Tino Ward, SMU MFA graduate (2020), will exhibit a suite of paper pulp paintings depicting symbols from anthropologist Genevieve von Petzinger’s catalog of proto-linguistic signs found in ancient cave paintings, known as “phosphenes.” This term also refers to the impressions of light one sees in darkness, when the eyes are closed, or are generated by different means of stimulation, such as rubbing the eyes, migraine headaches, or hallucinogens. In this exhibition, the artist explores the emergence of phosphenes from the physiological realm to the artistic. Ward states, “there’s a fascinating and powerful correlation between these naturally-occurring dots and squiggles we see in the dark, under stress, or when rubbing our eyes, and the ancient dots and squiggles and signs found painted in caves around the world for tens of thousands of years.”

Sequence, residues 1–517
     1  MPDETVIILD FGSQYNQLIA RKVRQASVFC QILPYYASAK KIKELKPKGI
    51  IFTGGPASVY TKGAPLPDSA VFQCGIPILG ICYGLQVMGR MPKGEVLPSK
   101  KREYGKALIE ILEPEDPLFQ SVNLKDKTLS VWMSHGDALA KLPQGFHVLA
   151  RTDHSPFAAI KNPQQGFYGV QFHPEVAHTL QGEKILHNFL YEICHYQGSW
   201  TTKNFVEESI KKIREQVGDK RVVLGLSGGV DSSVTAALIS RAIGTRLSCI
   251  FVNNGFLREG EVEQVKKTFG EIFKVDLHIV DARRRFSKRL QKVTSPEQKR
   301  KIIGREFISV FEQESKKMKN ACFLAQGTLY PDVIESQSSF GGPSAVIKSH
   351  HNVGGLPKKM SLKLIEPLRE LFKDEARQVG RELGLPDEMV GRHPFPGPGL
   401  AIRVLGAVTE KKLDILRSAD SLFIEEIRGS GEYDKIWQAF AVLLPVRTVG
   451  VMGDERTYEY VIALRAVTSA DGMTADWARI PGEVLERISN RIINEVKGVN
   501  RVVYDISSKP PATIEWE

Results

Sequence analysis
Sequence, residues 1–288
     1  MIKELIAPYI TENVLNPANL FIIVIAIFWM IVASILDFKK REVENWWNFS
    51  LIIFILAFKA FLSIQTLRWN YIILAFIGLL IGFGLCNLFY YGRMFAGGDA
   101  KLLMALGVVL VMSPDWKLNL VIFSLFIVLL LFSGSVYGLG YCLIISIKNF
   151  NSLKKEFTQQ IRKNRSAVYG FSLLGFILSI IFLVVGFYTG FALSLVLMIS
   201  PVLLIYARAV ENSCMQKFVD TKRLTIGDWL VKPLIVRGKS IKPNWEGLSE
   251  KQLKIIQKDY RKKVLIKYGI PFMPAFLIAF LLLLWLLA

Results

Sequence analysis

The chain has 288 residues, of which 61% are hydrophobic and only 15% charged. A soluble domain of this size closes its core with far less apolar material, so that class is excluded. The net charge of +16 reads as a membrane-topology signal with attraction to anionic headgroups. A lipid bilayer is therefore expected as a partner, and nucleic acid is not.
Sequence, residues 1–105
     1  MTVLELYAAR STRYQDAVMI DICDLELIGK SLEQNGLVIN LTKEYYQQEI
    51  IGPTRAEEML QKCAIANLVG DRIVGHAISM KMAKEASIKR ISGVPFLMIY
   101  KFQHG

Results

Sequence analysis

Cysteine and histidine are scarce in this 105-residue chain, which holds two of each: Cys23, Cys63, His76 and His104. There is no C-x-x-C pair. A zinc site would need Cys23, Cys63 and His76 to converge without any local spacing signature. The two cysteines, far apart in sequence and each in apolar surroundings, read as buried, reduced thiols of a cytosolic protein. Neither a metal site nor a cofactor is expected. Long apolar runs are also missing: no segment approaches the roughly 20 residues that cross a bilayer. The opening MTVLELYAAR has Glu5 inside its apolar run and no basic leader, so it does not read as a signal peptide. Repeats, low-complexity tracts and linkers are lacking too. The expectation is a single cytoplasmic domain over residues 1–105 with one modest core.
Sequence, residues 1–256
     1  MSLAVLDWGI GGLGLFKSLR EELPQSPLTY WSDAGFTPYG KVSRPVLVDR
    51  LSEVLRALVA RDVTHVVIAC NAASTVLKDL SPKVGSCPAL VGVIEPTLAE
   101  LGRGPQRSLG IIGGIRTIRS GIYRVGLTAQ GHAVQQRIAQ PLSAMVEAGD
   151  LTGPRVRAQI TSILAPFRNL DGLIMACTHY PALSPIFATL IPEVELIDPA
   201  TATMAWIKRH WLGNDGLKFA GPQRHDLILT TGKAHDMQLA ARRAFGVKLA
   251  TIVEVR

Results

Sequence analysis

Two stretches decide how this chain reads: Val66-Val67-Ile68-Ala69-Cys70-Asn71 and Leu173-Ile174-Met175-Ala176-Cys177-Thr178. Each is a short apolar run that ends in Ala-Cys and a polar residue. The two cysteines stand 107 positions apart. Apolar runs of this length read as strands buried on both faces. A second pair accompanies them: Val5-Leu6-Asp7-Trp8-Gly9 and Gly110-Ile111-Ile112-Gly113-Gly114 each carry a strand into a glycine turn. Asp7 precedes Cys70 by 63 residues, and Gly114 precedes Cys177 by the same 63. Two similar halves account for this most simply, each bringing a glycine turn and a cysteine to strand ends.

Using a ride-sharing service is encouraged. Paid visitor parking is available in the Binkley or Hillcrest Parking Centers on SMU campus. For more parking information, please see the campus and interactive maps.
In collaboration with SMU’s World Languages and Literature program’s International Film Festival, Club de Femmes (1936) will be screened in the Jeff Gordon Film and Collections room on Tuesday, February 21 at 7 pm. The room is on the 3rd floor, 3210, Hamon Arts Library.
Professor Rachel Ney, Senior Lecturer in French, provides a description of this avant-garde film. Starring Danielle Darrieux, an icon from the 1940’s, ClubofWomen by Jacques Deval holds a unique place in French cinema. A charming, and, at times, quaint comedy, Club of Women is set in a women only Parisian boarding house, a utopian space of sorts where women are sheltered from society. This 1936 movie captures the social optimism, cultural energy that came along the Popular Front era. Almost a decade before women obtained the right to vote, Club of Women was an early and important attempt at giving a complex representation of women’s struggles and desires. More than 80 years after, Deval’s movie might come across as trite for the modern audience and yet, Club of Women tackled themes very rarely put on the big screen: prostitution, lesbianism, cross-dressing, among others. Do not miss this gem!